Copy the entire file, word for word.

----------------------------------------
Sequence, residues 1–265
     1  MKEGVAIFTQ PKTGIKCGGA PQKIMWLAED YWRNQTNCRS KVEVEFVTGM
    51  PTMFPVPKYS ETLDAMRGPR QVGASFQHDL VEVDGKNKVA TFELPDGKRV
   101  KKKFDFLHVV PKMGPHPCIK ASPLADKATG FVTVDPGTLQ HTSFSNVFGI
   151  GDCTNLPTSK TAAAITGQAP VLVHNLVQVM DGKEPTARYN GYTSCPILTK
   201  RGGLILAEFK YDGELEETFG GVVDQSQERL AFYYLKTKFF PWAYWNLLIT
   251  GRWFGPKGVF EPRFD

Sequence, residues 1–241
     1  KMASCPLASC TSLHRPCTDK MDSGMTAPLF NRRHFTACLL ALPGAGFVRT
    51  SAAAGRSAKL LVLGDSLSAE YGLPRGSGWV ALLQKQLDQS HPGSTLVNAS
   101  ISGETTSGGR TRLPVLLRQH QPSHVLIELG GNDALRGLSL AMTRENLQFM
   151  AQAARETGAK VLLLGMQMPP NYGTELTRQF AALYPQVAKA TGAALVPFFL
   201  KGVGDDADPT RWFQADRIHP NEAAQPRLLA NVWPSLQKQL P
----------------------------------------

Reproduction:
Sequence, residues 1–265
     1  MKEGVAIFTQ PKTGIKCGGA PQKIMWLAED YWRNQTNCRS KVEVEFVTGM
    51  PTMFPVPKYS ETLDAMRGPR QVGASFQHDL VEVDGKNKVA TFELPDGKRV
   101  KKKFDFLHVV PKMGPHPCIK ASPLADKATG FVTVDPGTLQ HTSFSNVFGI
   151  GDCTNLPTSK TAAAITGQAP VLVHNLVQVM DGKEPTARYN GYTSCPILTK
   201  RGGLILAEFK YDGELEETFG GVVDQSQERL AFYYLKTKFF PWAYWNLLIT
   251  GRWFGPKGVF EPRFD

Sequence, residues 1–241
     1  KMASCPLASC TSLHRPCTDK MDSGMTAPLF NRRHFTACLL ALPGAGFVRT
    51  SAAAGRSAKL LVLGDSLSAE YGLPRGSGWV ALLQKQLDQS HPGSTLVNAS
   101  ISGETTSGGR TRLPVLLRQH QPSHVLIELG GNDALRGLSL AMTRENLQFM
   151  AQAARETGAK VLLLGMQMPP NYGTELTRQF AALYPQVAKA TGAALVPFFL
   201  KGVGDDADPT RWFQADRIHP NEAAQPRLLA NVWPSLQKQL P